________________ CM . . . . Volume V Number 14 . . . . March 12, 1999

cover The Hangashore.

Geoff Butler.
Toronto, ON: Tundra Books, 1998.
32 pp., cloth, $17.99.
ISBN 0-88776-444-4.

Subject Headings:
Fishing villages-Newfoundland and Labrador-Juvenile fiction.
World War, 1939-1945-Newfoundland and Labrador-Juvenile fiction.
Downs syndrome-Juvenile fiction.

Grades 4 and up / Ages 9 to adult.
Review by Val Nielsen.

*** /4

A "hangashore" is defined in the Dictionary of Newfoundland English as "an unlucky person deserving pity". On the dedication page of The Hangashore author Geoff Butler tells us that it is a disparaging term Newfoundlanders use to refer to a worthless fellow who is too lazy to fish. More broadly, the word may be used to refer to someone who lacks the courage or heart to get on with life. Butler has written a touching story set in Newfoundland at the end of the Second World War. When Magistrate Mercer arrives from England to take up his post in a small fishing outport, he expects a high level of deference and respect from the local people. Alas, his pompous ways and arrogant nature soon turn the community against him. Magistrate Mercer is particularly outraged by the minister's son, John, who although challenged intellectually, sees right through the magistrate's pretensions. At church, noticing that the magistrate refuses to give up his front pew for returning soldiers, John moves to sit beside him, telling him in a voice that all can hear "...it'll take all the religion that's in me to sit down by a hangashore." Furious at the slight, Magistrate Mercer threatens to have John sent to an institution in St. John's. Choosing to run away rather than be sent to an institution, John finds himself in the right place to rescue the magistrate who has put himself in mortal danger by hooking a whale on his fishing line. This dramatic brush with death causes Magistrate Mercer to re-examine his values and to see that, despite his official title, his actions have been those of a true hangashore.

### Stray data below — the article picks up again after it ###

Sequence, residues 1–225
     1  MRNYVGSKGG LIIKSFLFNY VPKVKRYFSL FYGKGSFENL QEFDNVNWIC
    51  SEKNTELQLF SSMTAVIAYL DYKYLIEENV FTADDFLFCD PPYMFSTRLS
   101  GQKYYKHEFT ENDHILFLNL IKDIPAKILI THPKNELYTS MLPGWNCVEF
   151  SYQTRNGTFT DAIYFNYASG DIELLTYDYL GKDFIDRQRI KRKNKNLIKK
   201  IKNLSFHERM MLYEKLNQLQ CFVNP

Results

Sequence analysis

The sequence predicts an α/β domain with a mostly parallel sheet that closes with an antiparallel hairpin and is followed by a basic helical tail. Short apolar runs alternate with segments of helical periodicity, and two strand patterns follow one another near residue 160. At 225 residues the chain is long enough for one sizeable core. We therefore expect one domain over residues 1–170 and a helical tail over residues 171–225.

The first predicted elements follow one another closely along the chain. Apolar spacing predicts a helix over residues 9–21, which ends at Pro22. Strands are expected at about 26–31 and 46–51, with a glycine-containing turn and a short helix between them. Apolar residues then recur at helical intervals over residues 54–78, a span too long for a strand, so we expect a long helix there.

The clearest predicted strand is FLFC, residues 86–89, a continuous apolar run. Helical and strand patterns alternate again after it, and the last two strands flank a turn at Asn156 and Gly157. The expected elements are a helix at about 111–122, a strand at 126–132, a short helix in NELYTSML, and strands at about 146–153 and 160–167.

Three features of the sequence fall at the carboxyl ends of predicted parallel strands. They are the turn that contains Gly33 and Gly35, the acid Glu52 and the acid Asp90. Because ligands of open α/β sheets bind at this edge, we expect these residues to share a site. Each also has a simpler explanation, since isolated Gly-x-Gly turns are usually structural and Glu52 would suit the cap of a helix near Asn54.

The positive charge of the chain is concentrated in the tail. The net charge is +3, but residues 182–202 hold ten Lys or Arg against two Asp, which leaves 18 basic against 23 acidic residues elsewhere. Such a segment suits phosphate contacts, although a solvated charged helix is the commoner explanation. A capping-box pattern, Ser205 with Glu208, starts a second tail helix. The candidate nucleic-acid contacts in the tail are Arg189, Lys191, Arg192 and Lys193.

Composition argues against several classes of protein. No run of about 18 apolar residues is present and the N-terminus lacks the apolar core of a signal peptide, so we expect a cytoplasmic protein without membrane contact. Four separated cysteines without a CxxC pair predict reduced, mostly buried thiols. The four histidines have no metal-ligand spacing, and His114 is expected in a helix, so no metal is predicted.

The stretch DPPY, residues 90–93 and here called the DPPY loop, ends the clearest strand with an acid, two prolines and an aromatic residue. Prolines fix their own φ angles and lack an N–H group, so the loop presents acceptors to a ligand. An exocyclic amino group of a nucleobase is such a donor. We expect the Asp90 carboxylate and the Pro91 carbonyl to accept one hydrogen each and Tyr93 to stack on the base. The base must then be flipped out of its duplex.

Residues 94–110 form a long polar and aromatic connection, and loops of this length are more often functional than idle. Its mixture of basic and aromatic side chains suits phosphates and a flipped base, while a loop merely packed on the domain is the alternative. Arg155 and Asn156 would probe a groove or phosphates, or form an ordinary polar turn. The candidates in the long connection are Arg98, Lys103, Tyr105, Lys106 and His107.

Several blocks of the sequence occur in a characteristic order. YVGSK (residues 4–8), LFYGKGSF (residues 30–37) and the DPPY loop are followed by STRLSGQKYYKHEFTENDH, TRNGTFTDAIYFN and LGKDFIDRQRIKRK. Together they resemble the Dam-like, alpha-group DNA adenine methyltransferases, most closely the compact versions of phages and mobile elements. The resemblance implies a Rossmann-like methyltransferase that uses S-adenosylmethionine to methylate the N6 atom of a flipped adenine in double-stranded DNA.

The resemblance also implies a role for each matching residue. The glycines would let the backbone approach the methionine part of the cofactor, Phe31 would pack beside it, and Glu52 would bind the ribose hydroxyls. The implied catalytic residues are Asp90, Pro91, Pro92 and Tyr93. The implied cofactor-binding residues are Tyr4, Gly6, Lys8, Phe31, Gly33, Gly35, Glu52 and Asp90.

picture Geoff Butler is a well-known and respected artist whose first Newfoundland story, The Killick, is a winner of the Ruth Schwarz Children's Book Award. Butler's skillful use of dialogue, liberally sprinkled with Newfoundland vocabulary and characteristics of speech, gives his story authenticity. His beautifully detailed paintings depict the tiny outport and its inhabitants in a simple, colourful and moving way. Themes of self-respect and acceptance found in The Hangashore will be readily identifiable to readers with a certain amount of sophistication, making the book a welcome addition to the growing number of picture books featuring mentally or physically challenged protagonists. As well, children studying the different regions of Canada will enjoy discovering the geographic characteristics of Newfoundland as they appear in Geoff Butler's illustrations. The Hangashore is a picture book for the upper elementary grades. Making sense of conversation written in a Newfoundland dialect will be difficult for younger readers; however, if the book is read aloud by someone who knows the dialect and can bring out the humour of the characters and situations, The Hangashore should prove a treat for young listeners.


Valerie Nielsen is a recently retired Winnipeg teacher-librarian who co-chairs the Manitoba Young Readers Choice Award Committee.

To comment on this title or this review, send mail to cm@umanitoba.ca.

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Published by
The Manitoba Library Association
ISSN 1201-9364